WMCA's eventual slippage wasn't due to WABC - both stations could compete fine even though WMCA had less power. Because WMCA had such big New York City numbers, any city-based competitor would and did become a ratings issue. This began to happen as early as 1967 with the ascendence of a soul station (WWRL) and two "album oriented rock" stations- WOR-FM and finally in 1968, WNEW-FM. All three took an average 6 rating points away from WMCA.
Later in the 1970s, John Sterling hosted one of the first confrontational sports talks shows, as well as doing play-by-play for the New York Islanders and games that WMCA carried. It was there that his knowledgable but bombastic and over-the-top broadcasting style would first be heard. WMCA also carried New York Yankees games for much of the 1970s, with the classic Yankees broadcasting crew of Frank Messer, Phil Rizzuto, and Bill White. During the 1970s, ratings were healthy for WMCA as a talk station. Most surveys showed the station in the top 10. This was before WOR became exclusively talk, and also before WABC changed to talk in the early 1980s.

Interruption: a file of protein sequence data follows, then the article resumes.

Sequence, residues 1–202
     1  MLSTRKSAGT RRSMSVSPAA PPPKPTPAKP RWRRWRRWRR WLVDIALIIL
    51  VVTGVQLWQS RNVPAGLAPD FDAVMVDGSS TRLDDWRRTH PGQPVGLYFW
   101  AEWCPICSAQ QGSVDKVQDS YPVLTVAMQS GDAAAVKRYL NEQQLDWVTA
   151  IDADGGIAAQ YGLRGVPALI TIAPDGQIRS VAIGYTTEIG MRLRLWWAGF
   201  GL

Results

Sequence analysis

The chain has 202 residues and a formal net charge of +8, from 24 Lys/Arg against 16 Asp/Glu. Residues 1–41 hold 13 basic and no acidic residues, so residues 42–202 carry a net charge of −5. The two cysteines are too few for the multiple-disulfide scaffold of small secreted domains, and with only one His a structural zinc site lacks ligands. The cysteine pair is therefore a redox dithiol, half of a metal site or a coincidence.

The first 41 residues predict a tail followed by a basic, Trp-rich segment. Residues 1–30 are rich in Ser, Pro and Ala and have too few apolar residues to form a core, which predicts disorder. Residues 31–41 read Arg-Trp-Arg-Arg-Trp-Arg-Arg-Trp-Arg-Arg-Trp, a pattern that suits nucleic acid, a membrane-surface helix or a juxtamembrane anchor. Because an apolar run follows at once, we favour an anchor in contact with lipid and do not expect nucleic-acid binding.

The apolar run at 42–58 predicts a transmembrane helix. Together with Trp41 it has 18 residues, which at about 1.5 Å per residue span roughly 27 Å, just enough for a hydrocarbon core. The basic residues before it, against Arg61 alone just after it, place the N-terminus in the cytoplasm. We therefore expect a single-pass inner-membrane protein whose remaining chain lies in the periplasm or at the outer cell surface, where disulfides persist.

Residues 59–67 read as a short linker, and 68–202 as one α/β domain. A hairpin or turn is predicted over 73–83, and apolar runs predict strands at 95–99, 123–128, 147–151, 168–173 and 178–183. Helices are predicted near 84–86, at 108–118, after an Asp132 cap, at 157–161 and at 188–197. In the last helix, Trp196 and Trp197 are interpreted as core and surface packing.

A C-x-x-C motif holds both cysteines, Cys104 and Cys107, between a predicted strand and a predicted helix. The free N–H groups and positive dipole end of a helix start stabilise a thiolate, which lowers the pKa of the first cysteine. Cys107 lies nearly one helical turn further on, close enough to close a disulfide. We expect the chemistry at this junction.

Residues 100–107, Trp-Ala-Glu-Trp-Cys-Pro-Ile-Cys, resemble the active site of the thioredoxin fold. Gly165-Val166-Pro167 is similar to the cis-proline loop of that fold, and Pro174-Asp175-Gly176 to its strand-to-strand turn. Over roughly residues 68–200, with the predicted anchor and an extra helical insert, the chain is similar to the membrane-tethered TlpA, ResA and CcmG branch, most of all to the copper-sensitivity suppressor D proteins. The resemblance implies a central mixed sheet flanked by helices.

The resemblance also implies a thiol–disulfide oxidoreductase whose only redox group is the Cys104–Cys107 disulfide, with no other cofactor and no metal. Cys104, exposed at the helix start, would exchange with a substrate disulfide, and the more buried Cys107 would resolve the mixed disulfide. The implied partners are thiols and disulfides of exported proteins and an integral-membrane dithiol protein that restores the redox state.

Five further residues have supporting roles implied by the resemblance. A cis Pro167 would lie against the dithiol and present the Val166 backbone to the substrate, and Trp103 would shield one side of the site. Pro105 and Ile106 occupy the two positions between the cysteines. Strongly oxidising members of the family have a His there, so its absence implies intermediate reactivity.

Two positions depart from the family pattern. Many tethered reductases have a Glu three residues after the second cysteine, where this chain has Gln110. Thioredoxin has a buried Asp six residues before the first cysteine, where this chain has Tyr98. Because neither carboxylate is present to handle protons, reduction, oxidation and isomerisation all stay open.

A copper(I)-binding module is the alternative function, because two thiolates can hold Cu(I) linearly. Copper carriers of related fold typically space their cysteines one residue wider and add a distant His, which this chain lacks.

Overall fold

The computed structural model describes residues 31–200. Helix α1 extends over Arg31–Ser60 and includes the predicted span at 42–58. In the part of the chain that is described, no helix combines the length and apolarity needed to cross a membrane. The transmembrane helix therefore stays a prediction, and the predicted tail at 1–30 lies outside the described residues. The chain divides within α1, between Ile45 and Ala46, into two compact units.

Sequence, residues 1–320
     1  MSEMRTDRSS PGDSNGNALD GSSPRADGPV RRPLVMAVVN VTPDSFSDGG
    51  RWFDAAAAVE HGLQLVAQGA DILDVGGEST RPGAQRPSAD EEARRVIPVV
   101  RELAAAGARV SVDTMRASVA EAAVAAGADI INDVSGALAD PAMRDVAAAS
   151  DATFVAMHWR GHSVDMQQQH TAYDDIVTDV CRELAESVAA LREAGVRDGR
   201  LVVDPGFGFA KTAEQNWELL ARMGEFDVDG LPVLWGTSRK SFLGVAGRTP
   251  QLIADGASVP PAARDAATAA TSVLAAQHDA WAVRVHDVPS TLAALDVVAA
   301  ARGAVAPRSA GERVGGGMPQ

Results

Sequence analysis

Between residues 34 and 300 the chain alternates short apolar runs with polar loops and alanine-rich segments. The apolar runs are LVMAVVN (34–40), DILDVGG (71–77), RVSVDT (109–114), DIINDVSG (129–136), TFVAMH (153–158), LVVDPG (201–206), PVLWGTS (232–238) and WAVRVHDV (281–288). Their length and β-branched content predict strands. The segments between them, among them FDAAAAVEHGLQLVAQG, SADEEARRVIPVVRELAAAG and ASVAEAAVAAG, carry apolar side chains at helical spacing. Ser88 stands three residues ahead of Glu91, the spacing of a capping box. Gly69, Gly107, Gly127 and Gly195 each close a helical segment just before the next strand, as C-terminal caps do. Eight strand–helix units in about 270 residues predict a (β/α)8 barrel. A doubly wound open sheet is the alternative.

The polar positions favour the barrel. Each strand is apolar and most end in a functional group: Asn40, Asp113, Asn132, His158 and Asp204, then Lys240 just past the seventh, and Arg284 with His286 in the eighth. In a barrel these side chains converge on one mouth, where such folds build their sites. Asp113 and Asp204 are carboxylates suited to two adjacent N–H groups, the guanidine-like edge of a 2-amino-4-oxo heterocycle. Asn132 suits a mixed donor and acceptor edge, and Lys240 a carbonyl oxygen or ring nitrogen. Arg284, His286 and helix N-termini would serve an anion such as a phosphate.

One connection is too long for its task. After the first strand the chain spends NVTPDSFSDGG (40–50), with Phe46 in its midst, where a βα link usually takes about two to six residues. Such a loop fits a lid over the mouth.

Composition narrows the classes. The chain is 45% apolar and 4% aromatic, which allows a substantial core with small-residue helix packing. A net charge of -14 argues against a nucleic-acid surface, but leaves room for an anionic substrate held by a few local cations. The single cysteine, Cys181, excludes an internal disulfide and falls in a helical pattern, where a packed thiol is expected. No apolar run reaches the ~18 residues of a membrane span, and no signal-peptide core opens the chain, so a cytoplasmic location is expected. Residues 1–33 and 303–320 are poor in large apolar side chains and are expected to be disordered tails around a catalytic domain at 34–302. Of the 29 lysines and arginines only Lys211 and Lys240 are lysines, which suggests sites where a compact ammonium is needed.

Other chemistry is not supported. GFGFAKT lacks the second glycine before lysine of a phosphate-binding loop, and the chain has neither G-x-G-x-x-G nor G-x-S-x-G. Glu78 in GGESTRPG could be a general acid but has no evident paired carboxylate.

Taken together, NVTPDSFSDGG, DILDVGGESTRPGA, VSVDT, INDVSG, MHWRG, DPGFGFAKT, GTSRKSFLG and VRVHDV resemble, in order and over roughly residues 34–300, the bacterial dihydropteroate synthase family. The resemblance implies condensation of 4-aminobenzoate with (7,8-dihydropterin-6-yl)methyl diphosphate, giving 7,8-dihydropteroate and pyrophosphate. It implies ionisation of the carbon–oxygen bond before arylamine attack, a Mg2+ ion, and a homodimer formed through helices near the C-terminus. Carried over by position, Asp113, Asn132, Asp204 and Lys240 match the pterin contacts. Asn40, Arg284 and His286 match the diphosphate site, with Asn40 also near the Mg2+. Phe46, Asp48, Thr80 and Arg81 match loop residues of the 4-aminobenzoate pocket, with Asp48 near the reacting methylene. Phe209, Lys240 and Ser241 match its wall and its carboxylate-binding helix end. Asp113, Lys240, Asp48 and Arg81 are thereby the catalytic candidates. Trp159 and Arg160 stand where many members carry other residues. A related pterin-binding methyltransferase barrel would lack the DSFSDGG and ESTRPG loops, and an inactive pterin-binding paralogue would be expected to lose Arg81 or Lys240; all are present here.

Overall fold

The Strauss family sold the station in the late 1980s; it was the last family-owned radio station in New York. New owner Federal Broadcasting kept the talk format, then sold the station in 1988 to Salem Communications, who initially adopted a financial news format.
WMCA ran extra Christian programming on WWDJ 970 AM in the New Jersey/New York area, also owned by Salem Communications. This second station was publicly billed as "WMCA II" or "WMCA 970" until its calls were changed to WNYM and it adopted a talk format.
WMCA also runs NEWSTALK WMCA.COM, an Internet feed which re-broadcasts nationally syndicated talk shows with a social conservatism viewpoint, including those from Mike Gallagher, Bill Bennett, Michael Medved, and Laura Schlessinger (all of whom can also be heard on WNYM).
In recent years, WMCA has attempted to establish a connection back to its "Good Guys" era. Their website has a tribute to the 1960s jocks , while their current air personalities — "a whole new team of 'Good Guys' filling the airwaves with the Good News" — make appearances and give out an updated version of the Good Guys sweatshirt On air, the station is billed as "The Home of the Good Guys" and 1960s-style Good Guys jingles are sometimes used to identify personalities on air.